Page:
Letter from Hanoi to Sofia, Bulgaria. This being a destination in Eastern Europe the rate was the same as to China. Golden decal of the Hanoi Citadel on the top left. Sofia arrival cancel on the reverse.
Xunhasaba bulletin mailing introducing the Fish set from 1963 and the Military Free Frank from the same year. The bulletin is franked with a mixture of standard stamps (300D Textile Mill, 20D 12 Years Democratic Republic) and the 500D official Cu Chin Lan stamp for an overall postage of 820D.
Multiple franking featuring a nice three color franking of the complete set sent in September, 1957 to China. Decal of the Hanoi Citadel on the top left. Since the official rate to China at the time was only 300D this letter was either heavier than the standard letter or represents a philatelic franking.
Very similar three color franking of the set addressed to China in September of 1957.
Very rare registered letter sent from Hanoi to Shanghai in China. The letter carries an interesting mix of two currencies. 700 Old Dong that were devalued 1,000:1 on March 1st, 1959 and two values in New Dong. Overall franking of 76 Xu. Shanghai arrival cancel.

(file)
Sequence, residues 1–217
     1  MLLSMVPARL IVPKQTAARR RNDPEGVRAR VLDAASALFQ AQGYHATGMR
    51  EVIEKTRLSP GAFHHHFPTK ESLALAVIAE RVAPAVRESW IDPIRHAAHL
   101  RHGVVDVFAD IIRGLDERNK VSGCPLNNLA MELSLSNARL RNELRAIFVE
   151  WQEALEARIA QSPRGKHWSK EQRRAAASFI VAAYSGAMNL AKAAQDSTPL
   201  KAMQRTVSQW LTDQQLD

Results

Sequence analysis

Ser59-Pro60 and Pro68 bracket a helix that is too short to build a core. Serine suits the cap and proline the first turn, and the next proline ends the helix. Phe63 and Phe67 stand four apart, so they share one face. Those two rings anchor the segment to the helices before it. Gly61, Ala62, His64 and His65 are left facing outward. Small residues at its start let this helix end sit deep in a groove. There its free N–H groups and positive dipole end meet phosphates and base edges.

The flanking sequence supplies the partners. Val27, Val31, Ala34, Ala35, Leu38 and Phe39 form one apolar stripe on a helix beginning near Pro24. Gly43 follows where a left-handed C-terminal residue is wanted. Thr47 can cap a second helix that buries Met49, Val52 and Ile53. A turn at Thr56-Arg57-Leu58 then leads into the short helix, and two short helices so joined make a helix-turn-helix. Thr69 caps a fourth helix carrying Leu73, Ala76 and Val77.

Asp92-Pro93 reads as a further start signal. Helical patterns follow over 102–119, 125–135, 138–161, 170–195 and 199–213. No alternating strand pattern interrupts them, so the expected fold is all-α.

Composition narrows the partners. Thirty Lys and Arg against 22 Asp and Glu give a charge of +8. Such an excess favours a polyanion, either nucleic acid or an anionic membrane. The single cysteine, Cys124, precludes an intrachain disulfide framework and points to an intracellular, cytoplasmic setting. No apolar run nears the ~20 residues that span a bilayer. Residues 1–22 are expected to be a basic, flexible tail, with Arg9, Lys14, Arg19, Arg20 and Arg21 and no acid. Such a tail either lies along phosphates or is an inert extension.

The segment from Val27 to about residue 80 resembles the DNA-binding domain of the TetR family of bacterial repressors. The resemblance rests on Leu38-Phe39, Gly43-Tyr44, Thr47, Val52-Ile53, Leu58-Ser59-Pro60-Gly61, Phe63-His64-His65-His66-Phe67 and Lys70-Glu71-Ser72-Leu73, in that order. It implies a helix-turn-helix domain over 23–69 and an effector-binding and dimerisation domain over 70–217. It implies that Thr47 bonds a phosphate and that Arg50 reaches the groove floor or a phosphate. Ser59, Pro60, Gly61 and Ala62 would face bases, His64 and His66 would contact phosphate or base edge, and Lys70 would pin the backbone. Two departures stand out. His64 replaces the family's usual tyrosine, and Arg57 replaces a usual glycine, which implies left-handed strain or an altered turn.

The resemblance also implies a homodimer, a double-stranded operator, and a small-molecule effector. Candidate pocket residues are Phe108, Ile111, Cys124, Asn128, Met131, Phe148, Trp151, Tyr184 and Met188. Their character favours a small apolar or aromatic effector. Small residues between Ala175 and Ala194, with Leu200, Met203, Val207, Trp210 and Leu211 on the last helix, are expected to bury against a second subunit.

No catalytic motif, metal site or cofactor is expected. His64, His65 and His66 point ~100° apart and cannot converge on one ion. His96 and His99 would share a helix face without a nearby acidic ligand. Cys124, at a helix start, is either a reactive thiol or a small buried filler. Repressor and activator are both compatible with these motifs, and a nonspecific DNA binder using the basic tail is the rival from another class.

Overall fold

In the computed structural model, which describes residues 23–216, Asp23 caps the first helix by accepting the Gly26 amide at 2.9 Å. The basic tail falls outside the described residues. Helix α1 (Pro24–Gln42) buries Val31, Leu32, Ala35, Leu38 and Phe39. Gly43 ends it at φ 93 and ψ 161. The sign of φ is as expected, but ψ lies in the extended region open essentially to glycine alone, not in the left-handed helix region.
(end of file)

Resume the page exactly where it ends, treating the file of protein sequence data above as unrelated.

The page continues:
Registered letter sent by an employee of VEB Power Systems to his state owned company in October of 1960. The letter carries one of the 12 xu Democratic Republic stamps plus two of the 300D textile mill stamps in a mixed currency franking. The old stamps had been devalued by 1,000:1 on March 1st, 1959 so were only worth 60xu. So, the overall franking amounted to 72 xu. The standard letter rate to East Germany was only 12 xu so this letter must have been quite more heavy than the first weight level of 20g.
Rare Specimen/Printed Matter Xunhasaba mailing from March of 1964. The letter carries a mix of regular stamps (including two of the 300D Textile Mill stamps) plus one of the 80D Official Union Congress stamps for an overall postage of 740D. England was still a rare destination in the early 1960’s.
Printed matter mailing from the North Vietnamese philatelic agency Xunhasaba to Frankfurt, West Germany paying a rate of 400 Dong, Using a single stamp each of the 300D textile mill stamp (Perf.13.0) and a 100D stamp of the 40th anniversary of the Russian Revolution. The bulletin announced the issuance of the two stamps of the Bac Hung Hai Irrigation Project (Michel Nr. 98-99). Notice the propaganda cachet on the right.
Registration Nr. 100042